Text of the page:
HOW TO READ A SCREENPLAY
by Don Swaim
I don't write screenplays. I'm not setting myself up as an expert on screenplays, although I've read a few. However, a young screenwriter once joined the BCWW and presented, yes, a film script. Other than the fact it was about zombies, it flummoxed some of the members who complained they'd never read a screenplay and had no idea how to critique one. The horror, the horror! However, film writing is storytelling at its most elemental -- and in some cases its most complex. But a good story is a good story, and there's no reason a decent writer can't identify a good story when he or she sees it. Here are a few tips to get the idea about how to decipher a screenplay and understand the storyline.
A screenplay is a blueprint for actual filmmakers rather than the manuscript more familiar to fiction or creative non-fiction writers or editors. This is why a screenplay looks more like an archiac typewriter blunder (see below) rather than today's formatting for any other piece of writing. (Aside: there's no logical reason for a screenplay's font, courier, to resemble a typewriter's of twenty-five years ago as opposed to what computers now excel in, but it'll pass.) Typing errors, misspellings, and incorrect grammar weigh against a screenwriter just as much as a fiction writer.
Digression... Screenplays published in book form often look different from actual film scripts. The great director Elia Kazan's America America, the book's first edition published by Stein & Day in 1961, is an example. My running the risk of sounding supercilious or as a name-dropper, Elia Kazan inscribed to me America America on March 5, 1985, scribbling, "My first." On August 29, 1991, Kazan's publisher Sol Stein signed the same book writing, "Also my first." Yes, Kazan's first book was also the first book published by Stein & Day (now defunct). (The Kazan and Stein interviews can be heard online at Book Beat)
Back to the point of this exercise...
The standard film length is 100 minutes, which translates to approximately 120 pages of script. The pages must be numbered.
The first part of a screenplay is usually:
FADE IN (in caps flush left)
Below that is in information line in regular letters. It contains:
INT or EXT in caps for interior of exterior shot. As well as DAY or NIGHT. Then where the scene takes place, usually one word in caps: BEDROOM, BACKYARD, etc.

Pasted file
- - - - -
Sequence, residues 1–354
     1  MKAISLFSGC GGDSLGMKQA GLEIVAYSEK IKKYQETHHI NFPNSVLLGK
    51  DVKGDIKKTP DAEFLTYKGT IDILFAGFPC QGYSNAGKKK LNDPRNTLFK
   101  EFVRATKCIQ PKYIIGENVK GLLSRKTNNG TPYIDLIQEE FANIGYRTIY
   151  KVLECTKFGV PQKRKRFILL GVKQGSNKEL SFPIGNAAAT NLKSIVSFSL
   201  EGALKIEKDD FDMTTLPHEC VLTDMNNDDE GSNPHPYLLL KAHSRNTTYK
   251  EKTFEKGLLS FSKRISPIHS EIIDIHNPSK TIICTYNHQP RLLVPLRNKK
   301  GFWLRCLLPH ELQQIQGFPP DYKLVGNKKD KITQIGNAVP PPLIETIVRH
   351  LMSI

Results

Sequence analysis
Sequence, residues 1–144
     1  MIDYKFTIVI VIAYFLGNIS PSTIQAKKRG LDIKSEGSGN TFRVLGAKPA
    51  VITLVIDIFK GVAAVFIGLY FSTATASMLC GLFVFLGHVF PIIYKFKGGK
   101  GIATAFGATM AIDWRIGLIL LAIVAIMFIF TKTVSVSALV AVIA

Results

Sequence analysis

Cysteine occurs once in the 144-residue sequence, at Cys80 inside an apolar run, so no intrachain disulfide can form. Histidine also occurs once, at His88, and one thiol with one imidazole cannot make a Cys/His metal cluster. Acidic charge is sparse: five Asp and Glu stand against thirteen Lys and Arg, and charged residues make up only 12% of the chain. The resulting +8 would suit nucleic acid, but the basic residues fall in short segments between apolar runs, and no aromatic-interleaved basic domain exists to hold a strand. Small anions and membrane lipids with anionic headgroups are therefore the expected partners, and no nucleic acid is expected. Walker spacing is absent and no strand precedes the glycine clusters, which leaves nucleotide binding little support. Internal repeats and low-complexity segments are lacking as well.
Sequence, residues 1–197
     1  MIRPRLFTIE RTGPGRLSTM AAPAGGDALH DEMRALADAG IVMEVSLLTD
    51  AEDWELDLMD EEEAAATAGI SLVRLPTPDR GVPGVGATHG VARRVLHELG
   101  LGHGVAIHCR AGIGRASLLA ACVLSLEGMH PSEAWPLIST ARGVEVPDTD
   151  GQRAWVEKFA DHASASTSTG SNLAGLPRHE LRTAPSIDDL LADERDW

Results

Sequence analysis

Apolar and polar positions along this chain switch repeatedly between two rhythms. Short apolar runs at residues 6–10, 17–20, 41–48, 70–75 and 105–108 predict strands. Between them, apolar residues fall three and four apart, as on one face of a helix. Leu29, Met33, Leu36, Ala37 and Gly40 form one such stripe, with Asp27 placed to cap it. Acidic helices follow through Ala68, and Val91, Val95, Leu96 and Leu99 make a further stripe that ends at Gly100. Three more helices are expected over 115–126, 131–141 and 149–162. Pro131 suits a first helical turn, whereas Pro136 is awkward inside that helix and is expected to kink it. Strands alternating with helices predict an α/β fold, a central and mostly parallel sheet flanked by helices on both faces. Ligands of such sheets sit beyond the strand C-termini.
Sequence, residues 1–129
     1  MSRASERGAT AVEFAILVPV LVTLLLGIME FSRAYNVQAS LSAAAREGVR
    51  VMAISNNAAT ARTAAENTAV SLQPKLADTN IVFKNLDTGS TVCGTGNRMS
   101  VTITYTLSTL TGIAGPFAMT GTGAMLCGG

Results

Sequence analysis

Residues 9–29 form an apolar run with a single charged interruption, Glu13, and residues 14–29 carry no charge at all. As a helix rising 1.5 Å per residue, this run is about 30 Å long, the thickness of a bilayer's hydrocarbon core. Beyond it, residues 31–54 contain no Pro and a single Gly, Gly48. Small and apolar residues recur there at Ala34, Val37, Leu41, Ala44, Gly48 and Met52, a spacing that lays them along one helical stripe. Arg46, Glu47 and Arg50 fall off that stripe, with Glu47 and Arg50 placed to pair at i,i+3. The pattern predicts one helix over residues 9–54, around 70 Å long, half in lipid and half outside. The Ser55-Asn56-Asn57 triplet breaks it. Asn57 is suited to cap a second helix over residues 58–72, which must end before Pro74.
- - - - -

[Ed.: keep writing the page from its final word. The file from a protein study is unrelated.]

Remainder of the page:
Then a description of the SHOT (or scene) with directions such as CLOSE SHOT, MEDIUM SHOT, FULL SHOT. The instructions are in caps but the actual description is in standard type, flush left.
If there's noise or music in the scene they're also indicated in caps.
Each scene is numbered to the left -- or sometimes on the right as in the example below.
When an actor appears his or her name is in caps in centered in the page. Below the name, where needed, is a description of the actor's mood in parenthesis: angry, laughing
And below that is the actor's (or narrator's) dialogue, not in caps, also centered with wide margins on either side.
Here's a sample of the first page of the 2006 shooting script from Stranger than Fiction by Zach Helm, a decidedly literary movie starring Will Farrell, Emma Thompson, Dustin Hoffman, Maggy Gyllenhall, and Queen Latifa. Notice that it incorporates all of the elements cited above. Where it states "narrator V.O." it refers to an unseen narrator describing the action (voice over).
There will be other items in the script, but these are the basics.
Once one sees and understands this basic layout, reading a screenplay is relatively easy and fast as there's little or no description of internal motivation. But the same good story-telling rules apply to screenwriting just as much as to regular fiction.
A final note. There are any number of specialized software programs for screenwriters, the most notable being Final Draft at about $80 list. I recently saw a $20 app for Macs called Highland. The fact is, with a minimal amount of work you can set up a template using Word or Pages, which effectively do the same thing, although without bells and whistles.
ADDENDUM by DANIEL DORIAN
Daniel Dorian started his own New York-based production company in 1980, producing, directing and writing more than 150 documentaries, corporate videos and travel films. A print and broadcast journalist for more than fifteen years, Daniel came to the U.S. from his native Paris in 1963 as a foreign correspondent for major European media outfits. In 1977 he became the director of Sygma-USA, then one of the two leading photo-news agencies in the world.